Bakk forms governor committee
ST. PAUL - State Sen. Tom Bakk has become the second Democrat to file paperwork establishing a governor campaign committee for the 2010 election.
However, he said in a Wednesday interview, the committee is only to allow him to investigate a candidacy. He said he plans to make a decision by the end of the year.
"I would characterize it as an exploratory committee," Bakk said via telephone from his Canadian cabin.
A key to whether he runs will be whether he can gain support of small businessmen, he said.
"One of the things I want to do is see if I am the kind of a Democrat who can appeal to small town business owners," the Cook senator said.
Democratic-Farmer-Labor Party candidates have not been successful courting the business community, Bakk said. However, the Senate Taxes Committee chairman and long-time union carpenter said, he has a lot in common with business owners.
The only major-party candidate to announce a run for governor in 2010 is Ramsey County Attorney Susan Gaertner of White Bear Lake.
Bakk said he needs the campaign committee so he can spend money investigating the race. Otherwise, he is limited to spending $100.
"I could not drive to Bemidji and back without spending $100," he said.
The senator said he has three issues to examine before he decides whether he will run:
-- If he can raise enough money, which could reach $2.5 million.
-- Whether he can attract enough state convention delegates for an endorsement, which he will investigate at the 2008 DFL convention next week in Rochester.
-- How to devise the right campaign strategy to win, including attracting businessmen.
State Republican Chairman Ron Carey said he is not surprised that Bakk and Gaertner need an early start for 2010.
"They are total unknowns," Carey said.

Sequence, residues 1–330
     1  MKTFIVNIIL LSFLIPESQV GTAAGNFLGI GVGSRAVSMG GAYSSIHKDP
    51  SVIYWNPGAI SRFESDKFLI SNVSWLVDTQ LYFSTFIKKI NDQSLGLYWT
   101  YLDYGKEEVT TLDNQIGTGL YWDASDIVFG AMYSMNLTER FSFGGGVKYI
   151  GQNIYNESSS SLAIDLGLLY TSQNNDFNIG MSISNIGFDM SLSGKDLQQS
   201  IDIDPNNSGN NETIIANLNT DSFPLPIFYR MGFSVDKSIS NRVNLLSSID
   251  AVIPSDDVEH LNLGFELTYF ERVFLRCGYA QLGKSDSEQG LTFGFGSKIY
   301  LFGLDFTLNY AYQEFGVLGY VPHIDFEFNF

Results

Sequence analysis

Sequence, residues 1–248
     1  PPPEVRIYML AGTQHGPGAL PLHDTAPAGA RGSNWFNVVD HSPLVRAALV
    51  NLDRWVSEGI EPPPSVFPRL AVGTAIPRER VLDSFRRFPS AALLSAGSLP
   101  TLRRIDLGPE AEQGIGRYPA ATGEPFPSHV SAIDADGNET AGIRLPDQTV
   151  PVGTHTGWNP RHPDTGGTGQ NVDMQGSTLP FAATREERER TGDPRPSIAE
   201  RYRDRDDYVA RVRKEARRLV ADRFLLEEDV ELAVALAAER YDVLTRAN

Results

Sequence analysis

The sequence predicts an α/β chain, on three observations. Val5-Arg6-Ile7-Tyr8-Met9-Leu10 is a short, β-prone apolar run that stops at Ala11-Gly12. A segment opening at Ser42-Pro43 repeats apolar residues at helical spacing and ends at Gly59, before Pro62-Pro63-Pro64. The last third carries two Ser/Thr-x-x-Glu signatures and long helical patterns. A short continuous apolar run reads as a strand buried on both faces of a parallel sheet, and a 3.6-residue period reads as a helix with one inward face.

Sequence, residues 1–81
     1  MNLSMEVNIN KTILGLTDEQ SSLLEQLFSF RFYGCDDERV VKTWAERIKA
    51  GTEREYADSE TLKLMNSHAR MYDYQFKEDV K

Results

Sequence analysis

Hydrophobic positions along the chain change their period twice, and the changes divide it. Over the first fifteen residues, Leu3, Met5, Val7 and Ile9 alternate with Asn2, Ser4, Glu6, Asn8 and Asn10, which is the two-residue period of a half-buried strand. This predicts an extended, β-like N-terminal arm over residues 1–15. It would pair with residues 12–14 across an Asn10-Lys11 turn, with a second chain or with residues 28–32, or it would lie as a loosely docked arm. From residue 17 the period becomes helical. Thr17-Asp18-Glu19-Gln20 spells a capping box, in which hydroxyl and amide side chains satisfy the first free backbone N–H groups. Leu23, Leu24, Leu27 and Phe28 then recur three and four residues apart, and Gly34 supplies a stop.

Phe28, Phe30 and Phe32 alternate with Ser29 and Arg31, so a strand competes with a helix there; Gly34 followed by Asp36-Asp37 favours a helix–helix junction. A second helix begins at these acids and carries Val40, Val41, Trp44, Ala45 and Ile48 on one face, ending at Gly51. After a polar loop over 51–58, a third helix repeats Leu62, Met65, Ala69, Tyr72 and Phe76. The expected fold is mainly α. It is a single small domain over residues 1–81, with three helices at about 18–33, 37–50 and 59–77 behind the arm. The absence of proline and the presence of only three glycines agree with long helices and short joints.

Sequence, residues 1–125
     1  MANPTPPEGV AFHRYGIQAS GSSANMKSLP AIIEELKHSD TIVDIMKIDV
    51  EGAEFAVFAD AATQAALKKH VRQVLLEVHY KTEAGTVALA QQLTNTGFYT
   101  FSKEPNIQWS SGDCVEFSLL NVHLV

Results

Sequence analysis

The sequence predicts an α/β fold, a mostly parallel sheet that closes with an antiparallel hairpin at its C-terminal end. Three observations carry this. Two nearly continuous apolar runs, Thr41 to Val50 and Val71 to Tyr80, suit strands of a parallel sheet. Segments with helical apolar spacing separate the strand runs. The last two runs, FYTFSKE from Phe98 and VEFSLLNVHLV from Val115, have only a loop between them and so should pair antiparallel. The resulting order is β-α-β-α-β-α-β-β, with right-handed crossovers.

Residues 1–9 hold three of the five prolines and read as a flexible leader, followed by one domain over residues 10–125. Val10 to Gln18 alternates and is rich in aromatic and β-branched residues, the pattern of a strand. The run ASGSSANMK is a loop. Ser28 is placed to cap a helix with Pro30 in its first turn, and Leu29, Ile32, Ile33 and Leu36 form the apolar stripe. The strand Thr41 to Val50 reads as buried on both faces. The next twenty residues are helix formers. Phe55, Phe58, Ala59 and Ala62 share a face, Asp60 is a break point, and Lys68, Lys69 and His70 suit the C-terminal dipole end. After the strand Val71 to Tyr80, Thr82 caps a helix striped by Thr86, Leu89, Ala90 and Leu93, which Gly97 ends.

The GOP chairman said that if Republican Gov. Tim Pawlenty runs for a third term, he would win.
At least a dozen Democrats either have said they are interested in running for governor or others have promoted their candidacies - including former U.S. Sen. Mark Dayton, House Speaker Margaret Anderson Kelliher, St. Paul Mayor Chris Coleman and Minneapolis Mayor R.T. Rybak.
Through the recently completed legislative session, Bakk admitted he was considering running for governor, but said he would not decide until later in the year.
"I have had an incredible number of people over the course of the session come to me and say they want to help" financially, Bakk said. "I haven't asked anyone to help because I want to see if it is something I can put together."
Bakk is serving his second Senate term, but first was elected to the House in 1994. He represents part of Duluth and a large territory of northeastern Minnesota.
If he decides to run for governor, he would have to give up a safe Senate seat.
"I am in a pretty good position in the Senate, being chairman of the Senate Tax Committee," Bakk said. "I am not just looking for something else to do."
It is a tough decision, he added. "I would be 56. It is kind of late to start a new career for me."
However, he added, he could be willing to give up his Senate position because he is concerned about Minnesota.
Bakk's committee is entitled: "Bakk - Minnesota's next governor."